Tuesday, May 9, 2023

TUTORIAL: Jungle Bases

Basing can add a ton of character to a finished model, from framing the model to setting them in a specific location. Often this just involves some painted sand or texture paint with some static grass on top, but you can take it even farther if you want. That's what I did here with my Seraphon and their jungle bases. Find out how to make your own jungle bases today!

The Seraphon/Lizardmen have a very distinct look to them, part of which, for me anyway, is their jungle home. Whether it's in Lustria of the Old World or the wilds of the Mortal Realms, no bipedal lizard is complete without some tropical foliage on their base. Unfortunately, the typical basing solutions just don't cut it for me. A lot of the static grass and other solutions like that just don't look jungle-y enough for me. Luckily, I came across a company called Make It Epic basing, which does 3D prints for a bunch of different basing doodads, including a fairly large selection of jungle plants! They also sell these as either STLs if you already have a 3D printer yourself, or as pre-printed resin, for people like myself, who do not own a printer.

After a quick browse on their site I picked a selection of jungle plants I liked, as well as the ruined temple floor, which came out to around $50 total. As some of these plants are quite tall, I didn't glue anything to the base while painting the model. Instead, I lightly superglued one of the Seraphon's feet to the base to paint them, this will then allow me to gently snap it off later, and work on the base on its own.

Once the model was completely painted, I started by gluing some of the Ruined Temple bits to the base. I generally either did one piece of this, or at most, one larger piece like this and then maybe a single tile somewhere else on the base.

I then proceeded to fill in the rest of the base with a variety of the jungle plants. I tended to put some of the largest ones behind the mini so they didn't block the whole thing. I then started filling in from the middle of the base and working my way out. Don't be afraid to cut some of the taller jungle plants to be shorter if that works better for the model. I found I liked using the Grass Tufts and Groundcover a lot as they take up less vertical space. I think once I move onto some of the taller models, like the cavalry or the Kroxigors, I be able to play with the vertical space a bit more. I also glued on some random rocks, and some skulls as well.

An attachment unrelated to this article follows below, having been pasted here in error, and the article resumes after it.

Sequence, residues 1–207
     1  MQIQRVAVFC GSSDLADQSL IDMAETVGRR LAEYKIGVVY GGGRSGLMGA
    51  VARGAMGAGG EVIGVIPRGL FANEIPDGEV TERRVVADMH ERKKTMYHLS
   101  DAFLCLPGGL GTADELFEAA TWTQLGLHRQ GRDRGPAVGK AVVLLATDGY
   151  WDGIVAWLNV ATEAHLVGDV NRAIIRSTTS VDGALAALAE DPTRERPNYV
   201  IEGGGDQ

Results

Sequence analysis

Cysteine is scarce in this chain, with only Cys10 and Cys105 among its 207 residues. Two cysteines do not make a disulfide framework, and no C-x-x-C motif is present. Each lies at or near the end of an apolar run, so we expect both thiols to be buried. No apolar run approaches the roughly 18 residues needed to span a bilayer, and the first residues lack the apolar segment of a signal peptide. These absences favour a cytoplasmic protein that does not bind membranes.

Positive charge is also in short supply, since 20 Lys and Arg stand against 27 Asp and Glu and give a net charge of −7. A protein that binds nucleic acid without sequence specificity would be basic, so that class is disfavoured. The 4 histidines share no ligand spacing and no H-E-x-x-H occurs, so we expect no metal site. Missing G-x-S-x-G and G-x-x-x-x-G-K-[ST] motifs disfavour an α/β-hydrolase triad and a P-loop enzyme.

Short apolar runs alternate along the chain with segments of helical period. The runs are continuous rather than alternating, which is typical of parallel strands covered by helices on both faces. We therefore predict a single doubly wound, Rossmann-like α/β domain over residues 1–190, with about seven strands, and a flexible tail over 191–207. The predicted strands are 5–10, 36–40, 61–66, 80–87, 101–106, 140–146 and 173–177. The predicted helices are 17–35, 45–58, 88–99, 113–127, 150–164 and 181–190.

I then snapped the model off the base. Be careful here as you don't want to break the plants or the model. I tried to leave a bit of space around each foot so it would be easier to do this, as in, no plants overhanging toes or directly against the foot. I then primed the bases with Wraithbone, and as you can see here, I started with the stones, giving them a quick and dirty coat of Mechanicus Standard Grey.

The plants were primarily painted with a couple of Contrast Paints. My main three colors were Mantis Warriors Green, Ork Flesh, and Karandras Green. I used Mantis Warrior for all the largest plants as I really liked the color, and then all 3 for the smaller ones, varying which plants got which color. I also went back with a mix of Ork Flesh and Contrast Medium on some of the larger plants and applied some into the deepest recesses and near the base of the plants to give them a bit more variation. Once this is all dry I gave the Mantis Warrior plants a light drybrush with Elysian Green, and then mixed some Screaming Skull into this and did some quick highlights on them. The Ork Flesh and Karandras Green plants were highlighted by mixing a bit of Screaming Skull into the respective Contrast Paint. I didn't spend a ton of time on the highlights. I also got some of these green paints onto the stones to give them an overgrown feeling. Just be random with it and thin it down. You don't want to overpower the grey, just add to it.

For the ground itself I used AK Muddy Ground, but you can really use whichever brown texture paint you want. You obviously want to be careful here as to avoid messing up all your work before. If you do get some on a plant I found if you're quick enough you can clean it up with a wet brush. I also thinned this down and got it between all the temple stones, and onto them a bit as well, but keep it thin for this. Where the feet of the model go you want to keep it flat with little to no texture so you'll be able to glue it back on again.

The ground was touched up with Dryad Bark anywhere it was too thin and you could see the primer through it. It was then drybrushed with Gorthor Brown, followed by Baneblade Brown. I then watered down some Elysian Green and did patches of green on it, followed by smaller patches of thinned Mantis Warrior Green. I just wanted to incorporate the ground into the plants a bit more and give it a mossy feel. The stones were given a quick light drybrush with Grey Seer.

With that I painted the skull and rimmed the bases black and they're done. Just carefully glue the models back on with superglue and you're ready to enact the Great Plan of the Old Ones! It's definitely a more involved process then the average base, but I really like they way they turned out. Since Seraphon are a fairly high points cost army, I won't be doing a horde's worth of these bases, so it's more manageable. Plus, it feels just like the artwork to me. Make It Epic basing has a ton more basing options too if you want to check them out, including a bunch of stuff that works great for the Deepkin!

Do you want to learn how I painted the Saurus Warriors themselves? Check out the step by step tutorial I did over on Goonhammer!

Until next time,

Tyler M.

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